Despite different pathways, proposals claim emissions can be significantly reduced.
In a contentious midterm election year, U.S. senators are debating climate legislation on many fronts.
Political pundits joining the fray have predicted Senate legislation could be approved anytime from this summer to long after the election is over.
For several months, Sens. John Kerry, Joe Lieberman and Lindsey Graham—a Democrat, Independent and Republican, respectively—worked together to develop legislation that included a mechanism for pricing carbon emissions.
Graham dropped out of that coalition in May because of differences, in part, over oil and transportation industry restrictions. His focus now is setting limits on just the electricity sector to supersede regulations proposed by the U.S. Environmental Protection Agency.
“That is what I will be pushing next year, a utility-only bill,” Graham said in a Greenwire report in June.
The Kerry-Lieberman bill seeks to reduce carbon pollution by 17 percent in 2020 and by more than 80 percent in 2050. Those benchmarks are identical to goals laid out in climate legislation passed last year by the U.S. House.
Both bills would set limits and establish emissions allowances that companies would be required to hold in the amount of greenhouse gases they produce.
A more recent bill, sponsored by Sen. Dick Luger, seeks emissions reductions without regulating greenhouse gases. Luger’s emissions goals are about half the amount of the Kerry-Lieberman bill.
Luger and fellow Republicans say strict emissions regulations would amount to a carbon tax. He believes reductions can occur, in part, through greater diversity of domestic energy resources and “a voluntary retirement program for the nation’s most-polluting coal plants,” according to his legislative outline.
Investment in domestic resources, especially nuclear energy and wind power, is also a key element of the Kerry-Lieberman bill.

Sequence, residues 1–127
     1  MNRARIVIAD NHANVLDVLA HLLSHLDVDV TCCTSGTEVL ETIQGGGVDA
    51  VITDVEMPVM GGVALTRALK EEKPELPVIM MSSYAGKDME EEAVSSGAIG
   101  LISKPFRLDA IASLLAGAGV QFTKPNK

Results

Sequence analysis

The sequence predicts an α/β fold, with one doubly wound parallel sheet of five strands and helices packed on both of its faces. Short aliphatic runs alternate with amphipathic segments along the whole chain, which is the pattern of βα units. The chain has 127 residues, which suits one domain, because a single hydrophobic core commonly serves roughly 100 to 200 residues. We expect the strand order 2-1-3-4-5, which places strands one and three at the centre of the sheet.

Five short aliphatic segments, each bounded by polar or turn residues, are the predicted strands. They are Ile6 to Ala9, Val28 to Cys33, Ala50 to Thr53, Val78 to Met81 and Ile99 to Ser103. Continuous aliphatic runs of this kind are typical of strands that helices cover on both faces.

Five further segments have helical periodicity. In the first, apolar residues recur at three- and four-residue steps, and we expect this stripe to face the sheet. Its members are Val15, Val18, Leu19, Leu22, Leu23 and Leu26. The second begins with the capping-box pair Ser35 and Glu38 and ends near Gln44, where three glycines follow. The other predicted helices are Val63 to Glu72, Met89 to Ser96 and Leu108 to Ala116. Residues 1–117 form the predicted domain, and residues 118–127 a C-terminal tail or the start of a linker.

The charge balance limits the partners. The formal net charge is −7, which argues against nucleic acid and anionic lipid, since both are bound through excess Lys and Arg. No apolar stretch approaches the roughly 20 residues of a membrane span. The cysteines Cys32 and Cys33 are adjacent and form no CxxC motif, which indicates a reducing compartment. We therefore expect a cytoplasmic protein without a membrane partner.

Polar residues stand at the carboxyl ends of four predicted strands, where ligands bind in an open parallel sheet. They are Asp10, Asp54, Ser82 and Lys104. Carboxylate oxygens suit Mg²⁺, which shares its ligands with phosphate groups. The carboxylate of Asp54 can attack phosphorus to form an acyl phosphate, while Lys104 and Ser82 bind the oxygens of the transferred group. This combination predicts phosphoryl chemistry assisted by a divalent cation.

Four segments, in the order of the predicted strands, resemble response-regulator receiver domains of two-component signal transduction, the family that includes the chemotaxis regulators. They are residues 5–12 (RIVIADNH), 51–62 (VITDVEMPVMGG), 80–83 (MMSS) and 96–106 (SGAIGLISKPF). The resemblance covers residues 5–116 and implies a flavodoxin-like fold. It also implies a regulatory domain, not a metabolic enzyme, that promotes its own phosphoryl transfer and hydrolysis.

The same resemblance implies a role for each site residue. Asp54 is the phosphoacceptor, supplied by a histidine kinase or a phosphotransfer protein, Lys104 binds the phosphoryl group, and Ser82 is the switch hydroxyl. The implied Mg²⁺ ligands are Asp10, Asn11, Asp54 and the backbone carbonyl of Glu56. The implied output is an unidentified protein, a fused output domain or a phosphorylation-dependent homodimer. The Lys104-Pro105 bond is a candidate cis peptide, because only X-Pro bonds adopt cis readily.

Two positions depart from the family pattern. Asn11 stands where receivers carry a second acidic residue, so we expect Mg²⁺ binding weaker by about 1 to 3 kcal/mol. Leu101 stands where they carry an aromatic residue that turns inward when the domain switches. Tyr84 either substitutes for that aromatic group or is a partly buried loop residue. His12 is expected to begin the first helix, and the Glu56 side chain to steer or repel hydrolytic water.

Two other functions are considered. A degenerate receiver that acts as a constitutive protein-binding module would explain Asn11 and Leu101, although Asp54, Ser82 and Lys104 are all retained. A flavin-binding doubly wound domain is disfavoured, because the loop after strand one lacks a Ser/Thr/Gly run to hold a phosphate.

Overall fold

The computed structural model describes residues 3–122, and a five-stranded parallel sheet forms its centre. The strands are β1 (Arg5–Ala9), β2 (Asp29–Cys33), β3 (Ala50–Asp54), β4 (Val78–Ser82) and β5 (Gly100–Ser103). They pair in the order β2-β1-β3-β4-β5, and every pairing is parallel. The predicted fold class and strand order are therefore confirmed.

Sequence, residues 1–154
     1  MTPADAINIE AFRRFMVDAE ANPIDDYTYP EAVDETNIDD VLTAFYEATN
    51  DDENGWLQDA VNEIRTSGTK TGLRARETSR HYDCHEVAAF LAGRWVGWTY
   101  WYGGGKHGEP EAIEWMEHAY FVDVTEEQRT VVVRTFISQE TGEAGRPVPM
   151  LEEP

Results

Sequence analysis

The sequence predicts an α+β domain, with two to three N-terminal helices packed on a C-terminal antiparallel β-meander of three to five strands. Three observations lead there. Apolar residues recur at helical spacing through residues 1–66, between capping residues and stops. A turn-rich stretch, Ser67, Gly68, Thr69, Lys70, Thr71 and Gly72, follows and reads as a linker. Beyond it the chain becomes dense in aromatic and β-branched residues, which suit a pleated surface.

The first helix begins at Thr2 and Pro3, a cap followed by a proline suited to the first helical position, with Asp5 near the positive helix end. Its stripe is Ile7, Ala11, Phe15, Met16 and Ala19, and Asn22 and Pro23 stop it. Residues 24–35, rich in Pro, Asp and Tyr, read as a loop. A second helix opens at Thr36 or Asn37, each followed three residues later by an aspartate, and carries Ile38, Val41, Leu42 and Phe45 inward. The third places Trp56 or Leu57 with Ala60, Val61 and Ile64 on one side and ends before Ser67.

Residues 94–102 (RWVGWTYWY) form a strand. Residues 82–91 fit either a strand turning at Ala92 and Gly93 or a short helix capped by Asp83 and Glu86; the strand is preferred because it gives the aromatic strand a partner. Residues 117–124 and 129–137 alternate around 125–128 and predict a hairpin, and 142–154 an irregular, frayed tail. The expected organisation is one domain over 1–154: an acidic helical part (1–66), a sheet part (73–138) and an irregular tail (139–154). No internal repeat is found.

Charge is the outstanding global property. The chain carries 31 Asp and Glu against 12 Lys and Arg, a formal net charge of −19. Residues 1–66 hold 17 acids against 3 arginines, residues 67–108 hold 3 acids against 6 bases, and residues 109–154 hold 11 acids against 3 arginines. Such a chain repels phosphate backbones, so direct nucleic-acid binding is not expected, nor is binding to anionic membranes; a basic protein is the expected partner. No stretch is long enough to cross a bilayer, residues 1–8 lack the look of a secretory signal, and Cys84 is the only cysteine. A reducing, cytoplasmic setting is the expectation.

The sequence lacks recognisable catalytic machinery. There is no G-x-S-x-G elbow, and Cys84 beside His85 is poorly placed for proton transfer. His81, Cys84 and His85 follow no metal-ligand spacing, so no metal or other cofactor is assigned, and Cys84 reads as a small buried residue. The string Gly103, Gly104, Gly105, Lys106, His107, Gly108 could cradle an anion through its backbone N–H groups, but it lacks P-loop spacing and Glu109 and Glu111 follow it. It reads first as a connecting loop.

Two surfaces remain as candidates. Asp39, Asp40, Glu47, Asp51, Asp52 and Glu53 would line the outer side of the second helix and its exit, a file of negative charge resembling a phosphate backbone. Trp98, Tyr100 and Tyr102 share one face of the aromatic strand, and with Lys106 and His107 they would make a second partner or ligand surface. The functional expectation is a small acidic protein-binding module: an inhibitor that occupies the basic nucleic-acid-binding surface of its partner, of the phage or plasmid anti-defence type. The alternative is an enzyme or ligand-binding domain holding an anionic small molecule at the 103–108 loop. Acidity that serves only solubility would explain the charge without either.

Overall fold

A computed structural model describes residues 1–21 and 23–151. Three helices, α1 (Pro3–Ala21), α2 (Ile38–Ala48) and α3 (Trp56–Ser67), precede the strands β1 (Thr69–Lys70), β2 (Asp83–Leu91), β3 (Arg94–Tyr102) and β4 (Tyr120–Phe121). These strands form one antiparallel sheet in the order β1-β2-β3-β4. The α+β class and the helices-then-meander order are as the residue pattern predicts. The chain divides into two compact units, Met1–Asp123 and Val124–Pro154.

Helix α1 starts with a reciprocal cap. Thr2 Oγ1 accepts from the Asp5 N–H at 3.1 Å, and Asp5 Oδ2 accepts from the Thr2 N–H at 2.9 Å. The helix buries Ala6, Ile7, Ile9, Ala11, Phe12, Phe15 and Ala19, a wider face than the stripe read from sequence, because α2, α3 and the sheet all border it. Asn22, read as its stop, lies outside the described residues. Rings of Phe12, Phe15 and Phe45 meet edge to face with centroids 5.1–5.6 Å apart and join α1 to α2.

A third option has been proposed by Sens. Maria Cantwell and Susan Collins, a Democrat and Republican, respectively. Their bill would establish “a target amount of carbon from fossil fuels that can be emitted into the atmosphere without disrupting the economy, using a gradually declining ‘cap,’” according to a white paper describing the legislation on Cantwell’s website.
The cap would limit the amount of fossil fuel producers and importers of coal, natural gas and oil can sell into the U.S. economy.
The bill’s “upstream” point of regulation limits regulatory compliance to 2,000 to 3,000 fossil fuel producers and importers, which would include monthly auctions of carbon permits, according to Cantwell.
The emissions allowances in the Kerry-Lieberman bill are similar to the carbon permits, but are arrived at through a different formula and would be required for a much larger group of energy-related companies.
An analysis of the bill by the Peterson Institute for International Economics predicts the cost of carbon emissions per metric ton would start at $16.47 in 2013 and increase to $55.44 by 2030.
Despite a price increase of up to 7 percent by 2030 for U.S. consumers—depending on the type of fossil fuel being used and for what purpose—the overall effect for households could be negligible because of efficiency improvements and returned revenue from emissions allowances, according to the Peterson Institute.
In the Cantwell-Collins bill, the carbon permits could not be traded and would be auctioned only to entities with a compliance obligation.